DAYTONA BEACH — Kenneth L. Witcher has been named dean of the College of Aeronautics at Embry-Riddle Aeronautical University-Worldwide.
You might wonder how a big aviation university is doing during the recession. After all, airline flying is not the glamorous, big money career it used to be. What’s a college to do? At Embry-Riddle Aeronautical University in Daytona Beach, Florida, change is the order of the day.
Embry-Riddle Aeronautical University will launch three new degree programs in the spring of 2013: Astronomy, Cyber Intelligence and Security, and Software Engineering with an emphasis in Cybersecurity.
As Embry-Riddle Aeronautical University prepares to offer its first Ph.D. program in Aerospace Engineering, the school has appointed Anastasios (Tasos) Lyrintzis as professor and chair of the Aerospace Engineering Department at the Daytona Beach campus, starting spring semester 2012.
Embry-Riddle Aeronautical University has joined Oak Ridge Associated Universities (ORAU), a consortium of 99 Ph.D.-granting research institutions that advance science and education by partnering with national laboratories, government agencies, and private industry.
In the 2009-2010 fiscal year, 139 Embry-Riddle faculty members were engaged in 180 sponsored projects, with the three research areas of NextGen, Green Engineering, and Unmanned and Autonomous Systems considered the most significant.
Sign ups have begun for the Summer Academy operated by Embry-Riddle Aeronautical University at its Daytona Beach campus.
The Summer Academy offers several camps, some of which may be taken for college credit, including Aerospace I, Aerospace II, Aviation Career Exploration, Aviation Discovery for Women, Flight Exploration, Aviation Voyage, Generations, and SunFlight. The Summer Academy runs from June 8 to Aug. 9, with individual camps ranging in length from five days to 49 days. Application is required a month before the start date of each camp.
Caroline Brozovich’s fingers and lips have turned blue-grey, her movements are sluggish, and her eyes half-shut, as though she’s peering through a fog. The oxygen around her is now as thin as the air at 30,000 feet, the cruising altitude for jet aircraft. If Brozovich were piloting an airliner, she and her passengers would be minutes away from unconsciousness – and death.
But Brozovich is a flight student at Embry-Riddle Aeronautical University, and her instructor has just handed her an oxygen mask.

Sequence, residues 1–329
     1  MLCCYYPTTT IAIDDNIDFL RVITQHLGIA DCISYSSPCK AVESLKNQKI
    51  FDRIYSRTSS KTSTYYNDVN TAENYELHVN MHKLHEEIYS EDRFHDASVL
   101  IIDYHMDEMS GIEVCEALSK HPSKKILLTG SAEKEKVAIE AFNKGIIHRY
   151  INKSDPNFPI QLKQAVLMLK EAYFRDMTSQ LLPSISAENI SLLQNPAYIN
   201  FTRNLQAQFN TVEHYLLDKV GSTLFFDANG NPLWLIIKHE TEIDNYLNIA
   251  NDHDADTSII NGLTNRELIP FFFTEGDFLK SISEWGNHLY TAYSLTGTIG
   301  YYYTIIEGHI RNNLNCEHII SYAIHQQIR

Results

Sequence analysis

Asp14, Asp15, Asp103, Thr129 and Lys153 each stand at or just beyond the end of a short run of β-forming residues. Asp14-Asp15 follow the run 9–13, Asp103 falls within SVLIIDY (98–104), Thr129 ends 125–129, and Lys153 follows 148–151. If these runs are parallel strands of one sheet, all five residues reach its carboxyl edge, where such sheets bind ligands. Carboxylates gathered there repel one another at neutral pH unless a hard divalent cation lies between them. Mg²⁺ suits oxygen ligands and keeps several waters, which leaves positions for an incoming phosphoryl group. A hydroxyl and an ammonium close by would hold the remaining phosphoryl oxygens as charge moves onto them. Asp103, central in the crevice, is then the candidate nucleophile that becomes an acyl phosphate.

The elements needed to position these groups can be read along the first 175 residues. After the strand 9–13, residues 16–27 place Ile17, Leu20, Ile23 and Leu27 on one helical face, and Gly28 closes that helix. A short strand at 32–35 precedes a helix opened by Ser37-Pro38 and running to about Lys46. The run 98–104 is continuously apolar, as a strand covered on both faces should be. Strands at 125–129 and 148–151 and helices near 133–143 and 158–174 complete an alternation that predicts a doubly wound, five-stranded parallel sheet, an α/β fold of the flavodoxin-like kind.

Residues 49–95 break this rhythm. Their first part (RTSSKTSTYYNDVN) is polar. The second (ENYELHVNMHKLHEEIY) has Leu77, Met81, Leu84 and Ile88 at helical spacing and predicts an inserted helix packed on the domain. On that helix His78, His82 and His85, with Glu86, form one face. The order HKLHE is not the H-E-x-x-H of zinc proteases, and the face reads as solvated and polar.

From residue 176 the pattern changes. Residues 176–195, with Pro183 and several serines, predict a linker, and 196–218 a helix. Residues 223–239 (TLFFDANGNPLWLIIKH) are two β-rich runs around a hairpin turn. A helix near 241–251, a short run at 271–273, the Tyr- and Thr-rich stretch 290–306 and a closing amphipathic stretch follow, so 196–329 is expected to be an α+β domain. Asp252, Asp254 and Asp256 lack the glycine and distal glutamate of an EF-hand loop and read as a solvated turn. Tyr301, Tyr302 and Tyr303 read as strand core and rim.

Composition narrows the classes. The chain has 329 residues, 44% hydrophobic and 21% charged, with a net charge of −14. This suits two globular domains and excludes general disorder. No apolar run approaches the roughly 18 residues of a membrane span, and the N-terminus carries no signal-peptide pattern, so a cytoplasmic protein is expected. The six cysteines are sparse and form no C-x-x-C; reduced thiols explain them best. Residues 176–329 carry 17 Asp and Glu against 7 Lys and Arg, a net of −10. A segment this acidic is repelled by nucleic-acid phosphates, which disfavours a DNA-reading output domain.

They are inside the university’s new High Altitude Laboratory, a high-tech facility for teaching aspiring pilots how to recognize the symptoms of oxygen loss at high altitudes. According to university officials, Embry-Riddle is the first university in the United States to acquire the lab for high-altitude hypoxia awareness training. The lab can accommodate 8-10 people per training session and will include a flight training device at a later date.
Embry-Riddle Aeronautical University and Frasca International will unveil the first integrated flight training device (FTD) with virtual air traffic control commands designed to give student pilots more realistic training.
Designed specifically for general aviation pilot training, the product called SAFTE (Synthetic Automated Flight Training Environment) with Virtual Air Traffic (VAT) will make its debut at Embry-Riddle’s National Training Aircraft Symposium, March 16-19 on the Daytona Beach campus.
SAFTE/VAT incorporates simulated flight plans with voice recognition technology to deliver a real world flight experience, allowing the student pilot to “fly” in a particular situation or air space, and receive specific commands from the virtual air traffic controller. The technology enables the flight instructor to focus on teaching rather than role-playing and better trains the student through repetitive, learned behaviors in scenario-based situations, according to ERAU officials.
Embry-Riddle Aeronautical University has begun a peer mentoring program to help young women aspiring to become engineers transition from high school through the first year of college.
The program, called FIRST (Female Initiatives: Reaching Success Together), is funded by a grant from Boeing. It provides tutoring in math and physics, special activities, and mentoring to better ensure students’ success.